Plastic thermoforming differs from injection molding in terms of tooling, materials, production, part quality, and finishing. In Part 2 of this series, we’ll compare plastic thermoforming with injection molding in terms of materials. Part 1 examined tooling.
Plastic thermoforming and plastic injection molding both use thermoplastic materials to produce plastic parts. Thermoplastics are a broad category of plastics that can be heated and cooled, and then melted and cooled again. Examples include acrylic/PVC, HIPS, HDPE, LDPE, PP, PETG, and polycarbonate.
For product designers, choosing the right thermoplastic material means asking and answering a series of questions.
- What is the application?
- Do any regulatory requirements apply?
- Does the part require a specific finish, color, or texture?
Thermoforming and injection molding both support color matching and part textures, but they’re different manufacturing processes. So how does thermoforming work, and what are its advantages in terms of textured parts?
Plastic Thermoforming Materials
Thermoforming uses flat plastic sheets that are supplied in a variety of material types, colors, finishes, and thicknesses. The sheets are pre-heated and brought into contact with a mold using vacuum, pressure, or direct mechanical force. To create textured parts, either the sheet or the mold can be textured.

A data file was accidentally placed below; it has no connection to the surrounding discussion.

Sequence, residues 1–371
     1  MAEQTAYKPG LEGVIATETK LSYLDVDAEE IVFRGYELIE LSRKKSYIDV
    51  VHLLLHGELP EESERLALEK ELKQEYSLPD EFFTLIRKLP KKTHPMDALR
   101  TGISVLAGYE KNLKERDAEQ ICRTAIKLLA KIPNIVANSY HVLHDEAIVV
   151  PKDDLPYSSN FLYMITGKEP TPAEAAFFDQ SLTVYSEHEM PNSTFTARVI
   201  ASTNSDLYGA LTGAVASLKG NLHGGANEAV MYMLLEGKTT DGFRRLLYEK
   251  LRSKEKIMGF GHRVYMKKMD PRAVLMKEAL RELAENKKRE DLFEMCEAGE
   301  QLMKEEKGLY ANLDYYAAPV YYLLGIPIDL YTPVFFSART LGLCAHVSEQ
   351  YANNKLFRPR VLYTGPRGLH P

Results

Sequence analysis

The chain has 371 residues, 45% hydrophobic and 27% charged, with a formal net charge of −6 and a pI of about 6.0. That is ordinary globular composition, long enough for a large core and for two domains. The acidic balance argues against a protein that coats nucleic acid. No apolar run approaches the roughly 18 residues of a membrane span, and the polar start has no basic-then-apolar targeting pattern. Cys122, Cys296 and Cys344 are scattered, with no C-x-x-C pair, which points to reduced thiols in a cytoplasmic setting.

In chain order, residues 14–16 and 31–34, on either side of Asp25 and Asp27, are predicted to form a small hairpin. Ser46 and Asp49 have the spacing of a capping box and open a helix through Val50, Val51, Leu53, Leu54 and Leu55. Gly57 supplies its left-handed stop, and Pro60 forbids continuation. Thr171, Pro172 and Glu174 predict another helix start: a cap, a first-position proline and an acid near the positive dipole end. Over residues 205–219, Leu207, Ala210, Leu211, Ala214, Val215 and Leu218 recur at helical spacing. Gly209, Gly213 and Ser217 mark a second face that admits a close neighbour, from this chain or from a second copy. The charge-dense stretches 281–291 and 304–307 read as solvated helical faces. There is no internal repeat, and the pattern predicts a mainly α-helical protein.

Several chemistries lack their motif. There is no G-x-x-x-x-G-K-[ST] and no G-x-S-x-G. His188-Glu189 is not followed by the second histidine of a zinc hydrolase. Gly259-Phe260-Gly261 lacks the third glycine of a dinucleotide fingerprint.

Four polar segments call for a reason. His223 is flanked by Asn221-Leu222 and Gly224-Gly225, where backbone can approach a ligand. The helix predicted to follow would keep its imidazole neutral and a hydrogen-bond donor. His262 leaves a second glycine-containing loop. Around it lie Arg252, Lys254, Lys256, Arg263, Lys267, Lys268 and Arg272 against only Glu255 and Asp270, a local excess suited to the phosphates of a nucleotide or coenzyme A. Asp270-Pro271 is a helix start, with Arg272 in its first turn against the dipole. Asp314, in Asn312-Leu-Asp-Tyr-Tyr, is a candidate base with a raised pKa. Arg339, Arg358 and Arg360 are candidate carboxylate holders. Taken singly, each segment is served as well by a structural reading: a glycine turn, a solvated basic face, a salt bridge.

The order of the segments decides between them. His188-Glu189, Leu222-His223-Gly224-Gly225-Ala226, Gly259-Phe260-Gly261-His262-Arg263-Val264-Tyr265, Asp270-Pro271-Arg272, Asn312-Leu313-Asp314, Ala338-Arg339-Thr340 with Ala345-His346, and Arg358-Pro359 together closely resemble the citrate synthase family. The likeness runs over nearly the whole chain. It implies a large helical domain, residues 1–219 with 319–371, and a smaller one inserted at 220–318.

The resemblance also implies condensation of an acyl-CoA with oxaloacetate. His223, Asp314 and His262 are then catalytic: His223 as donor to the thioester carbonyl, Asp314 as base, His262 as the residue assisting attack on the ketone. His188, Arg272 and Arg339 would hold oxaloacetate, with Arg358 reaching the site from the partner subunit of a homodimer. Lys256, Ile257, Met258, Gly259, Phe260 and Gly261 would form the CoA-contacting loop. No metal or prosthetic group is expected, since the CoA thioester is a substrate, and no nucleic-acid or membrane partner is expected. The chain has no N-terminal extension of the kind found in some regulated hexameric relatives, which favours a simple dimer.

Plastic injection molding doesn’t provide this type of flexibility. Unlike thermoforming, injection molding uses plastic pellets instead of plastic sheets. The pellets are melted, then injected into a closed cavity via hydraulic pressures. Plastic pellets come in different material types and colors, but the only way to achieve a textured part is to use textured tooling.
This has implications for production costs. Complex tooling costs more to produce, and higher production volumes are then required to lower the per-part cost. For lower-volume runs then, thermoforming with textured sheets is a cost-effective alternative to injection molding.
The tooling that’s used for injection molding is also more expensive because of multiple actuating pieces and the strength that’s required under significant pressure. Thermoforming controls dimensions on one side – the tool side. By contrast, injection molding can control both sides and create walls with different thicknesses.
Ask Gregstrom About Plastic Thermoforming Materials
In Part 3 of this series, we’ll continue our discussion of plastic thermoforming vs. plastic injection molding in terms of production volumes and costs. Subsequent blog entries will compare the two manufacturing technologies in terms of part quality and finishing. Until then, please contact us if you’d like to learn more about thermoforming.